If n points lie in a plane and no three are collinear, prove that there are 1/2n(n-1) lines joining these points. I'm not really sure where to even start with proving this. I'm supposed to use proof by induction. Any help would be great. Thanks.
If n points lie in a plane and no three are collinear, prove that there are 1/2n(n-1) lines joining these points. I'm not really sure where to even start with proving this. I'm supposed to use proof by induction. Any help would be great. Thanks.
There is nothing wrong with the formula. It just written poorly.
It is $\displaystyle \binom{n}{2}=\frac{n(n-1)}{2}$. To prove that by induction is a pain.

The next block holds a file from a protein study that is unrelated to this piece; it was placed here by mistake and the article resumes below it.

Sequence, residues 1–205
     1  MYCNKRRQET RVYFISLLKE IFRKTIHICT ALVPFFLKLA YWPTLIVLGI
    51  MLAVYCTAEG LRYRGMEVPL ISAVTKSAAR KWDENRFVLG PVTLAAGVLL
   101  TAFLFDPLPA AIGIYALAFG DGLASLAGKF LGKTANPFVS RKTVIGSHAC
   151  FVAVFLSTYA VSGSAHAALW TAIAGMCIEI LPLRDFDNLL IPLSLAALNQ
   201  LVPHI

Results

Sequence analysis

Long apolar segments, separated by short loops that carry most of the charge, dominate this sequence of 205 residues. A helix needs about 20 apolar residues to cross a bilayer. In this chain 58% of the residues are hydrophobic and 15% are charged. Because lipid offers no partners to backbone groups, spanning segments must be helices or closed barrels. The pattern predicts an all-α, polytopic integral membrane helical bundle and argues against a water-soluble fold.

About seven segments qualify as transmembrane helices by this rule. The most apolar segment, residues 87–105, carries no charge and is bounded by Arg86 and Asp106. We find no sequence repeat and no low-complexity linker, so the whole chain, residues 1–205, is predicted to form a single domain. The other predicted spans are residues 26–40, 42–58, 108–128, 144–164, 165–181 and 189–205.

The base case $\displaystyle n=1$ is trivial: there is no line segment.
Suppose it is true for $\displaystyle n=K$, there are $\displaystyle K$ points and $\displaystyle \frac{K(K-1)}{2}$ line segments.
If you add one more point, then how many new line segments are added?
See if you can get $\displaystyle \frac{(K+1)(K)}{2}~?$